But Burundi had been plunged into further bloodshed in 1993 when, after democratic elections, the country's first Hutu head of state, Mr Melchior Ndadaye, was assassinated.
On the morning of Sunday, October 24, 1993, Ms Barankitse was at a centre of refuge for 72 Hutus fleeing from avenging Tutsis, some of whom were related to her. Despite her desperate efforts, the Hutus were massacred in appalling circumstances as she watched - but she managed to pay a small sum in ransom to save 25 children whose parents had been killed.
Still in great danger, she managed to protect the precious charges in her care for many months until she persuaded the church to give her an old school building to house her ever-growing extended family of orphans.
They were the first of more than 10,000 orphans to pass through Ms Barankitse's Maison Shalom in the intervening years - many from refugee camps in Tanzania as well as from Rwanda and the Democratic Republic of Congo.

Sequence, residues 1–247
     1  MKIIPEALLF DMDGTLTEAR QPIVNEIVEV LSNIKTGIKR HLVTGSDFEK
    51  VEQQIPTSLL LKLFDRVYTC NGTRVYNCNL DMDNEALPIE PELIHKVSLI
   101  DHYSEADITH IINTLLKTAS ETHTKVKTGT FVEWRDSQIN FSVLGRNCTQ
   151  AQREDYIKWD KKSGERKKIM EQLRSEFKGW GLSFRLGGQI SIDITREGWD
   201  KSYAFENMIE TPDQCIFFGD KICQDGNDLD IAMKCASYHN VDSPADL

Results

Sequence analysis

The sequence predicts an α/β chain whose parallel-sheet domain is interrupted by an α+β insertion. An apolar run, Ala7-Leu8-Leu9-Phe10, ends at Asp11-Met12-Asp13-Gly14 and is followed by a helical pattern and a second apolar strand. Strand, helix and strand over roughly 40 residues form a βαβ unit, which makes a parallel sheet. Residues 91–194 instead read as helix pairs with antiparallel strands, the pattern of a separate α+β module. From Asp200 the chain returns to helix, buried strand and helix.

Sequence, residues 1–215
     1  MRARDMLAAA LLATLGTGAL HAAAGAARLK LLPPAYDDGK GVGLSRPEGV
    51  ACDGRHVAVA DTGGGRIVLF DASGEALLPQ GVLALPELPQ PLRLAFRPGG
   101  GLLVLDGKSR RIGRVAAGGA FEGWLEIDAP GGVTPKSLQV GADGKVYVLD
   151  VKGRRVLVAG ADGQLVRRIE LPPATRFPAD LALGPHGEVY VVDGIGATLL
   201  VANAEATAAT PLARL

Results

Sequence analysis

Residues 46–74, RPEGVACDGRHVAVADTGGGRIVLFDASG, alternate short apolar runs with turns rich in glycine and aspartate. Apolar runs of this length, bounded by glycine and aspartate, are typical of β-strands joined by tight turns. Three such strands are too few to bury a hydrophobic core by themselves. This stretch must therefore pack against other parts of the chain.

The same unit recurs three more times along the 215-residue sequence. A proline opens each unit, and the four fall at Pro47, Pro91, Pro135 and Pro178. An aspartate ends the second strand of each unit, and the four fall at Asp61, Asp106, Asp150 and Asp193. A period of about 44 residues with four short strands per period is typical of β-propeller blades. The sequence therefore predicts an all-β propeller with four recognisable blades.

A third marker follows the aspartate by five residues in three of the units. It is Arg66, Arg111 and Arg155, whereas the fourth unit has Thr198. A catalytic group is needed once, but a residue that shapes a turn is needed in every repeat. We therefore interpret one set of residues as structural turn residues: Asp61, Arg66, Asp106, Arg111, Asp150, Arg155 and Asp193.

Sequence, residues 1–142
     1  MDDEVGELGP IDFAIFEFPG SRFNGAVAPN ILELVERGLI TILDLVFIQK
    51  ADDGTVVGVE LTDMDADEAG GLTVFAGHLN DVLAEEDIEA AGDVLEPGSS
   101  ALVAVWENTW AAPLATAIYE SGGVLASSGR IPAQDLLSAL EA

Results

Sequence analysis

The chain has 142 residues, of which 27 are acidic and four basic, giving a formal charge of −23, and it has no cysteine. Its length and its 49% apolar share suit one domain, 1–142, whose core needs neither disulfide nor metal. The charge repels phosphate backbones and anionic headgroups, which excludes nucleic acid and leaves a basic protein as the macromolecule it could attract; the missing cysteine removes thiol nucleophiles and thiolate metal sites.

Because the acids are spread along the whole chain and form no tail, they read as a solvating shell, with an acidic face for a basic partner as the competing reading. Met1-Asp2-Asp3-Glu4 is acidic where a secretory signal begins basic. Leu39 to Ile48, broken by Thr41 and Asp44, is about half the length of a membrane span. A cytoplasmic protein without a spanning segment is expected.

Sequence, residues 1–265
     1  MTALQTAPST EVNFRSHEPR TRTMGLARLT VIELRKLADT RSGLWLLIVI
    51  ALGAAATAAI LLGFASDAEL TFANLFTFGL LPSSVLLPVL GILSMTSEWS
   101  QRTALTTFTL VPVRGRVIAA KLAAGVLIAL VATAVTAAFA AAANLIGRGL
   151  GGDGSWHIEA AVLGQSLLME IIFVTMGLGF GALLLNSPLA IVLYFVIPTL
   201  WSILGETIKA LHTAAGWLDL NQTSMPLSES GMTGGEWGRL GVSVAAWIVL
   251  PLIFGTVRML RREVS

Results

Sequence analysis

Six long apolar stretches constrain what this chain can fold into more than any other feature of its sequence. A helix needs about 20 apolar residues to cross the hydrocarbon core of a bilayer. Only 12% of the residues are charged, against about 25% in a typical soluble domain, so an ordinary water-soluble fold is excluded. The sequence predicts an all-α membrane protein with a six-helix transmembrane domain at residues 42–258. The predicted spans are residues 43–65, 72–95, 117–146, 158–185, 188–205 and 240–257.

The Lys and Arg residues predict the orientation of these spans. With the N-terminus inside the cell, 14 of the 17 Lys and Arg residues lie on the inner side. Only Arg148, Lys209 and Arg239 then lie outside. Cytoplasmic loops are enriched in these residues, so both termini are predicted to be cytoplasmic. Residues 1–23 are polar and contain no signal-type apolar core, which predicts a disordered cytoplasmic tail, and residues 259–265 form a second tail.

In Ruyigi, 120 children live at Maison Shalom - the main orphanage which cares for new orphan arrivals and children with HIV/Aids. Some 1,000 children live in homes built by Maison Shalom in the area, while the project now includes a cinema, swimming pool, a centre with a hairdressing shop and a dressmaker - even a dairy farm and a library.
This complex is known as the Cite des Anges (Angel City). Essentially, it provides training and income generating activities for the older children - who have also been joined by demobilised child soldiers who cannot return to school and must now be taught vocational skills.
By helping thousands of young Burundian orphans to create a new life, Ms Barankitse intends that they should take her message of love and peace into the wider community. Hence, peace education is an integral part of her programme at Maison Shalom. She knows that the children of Burundi have the future of the country in their hands and must take responsibility for this.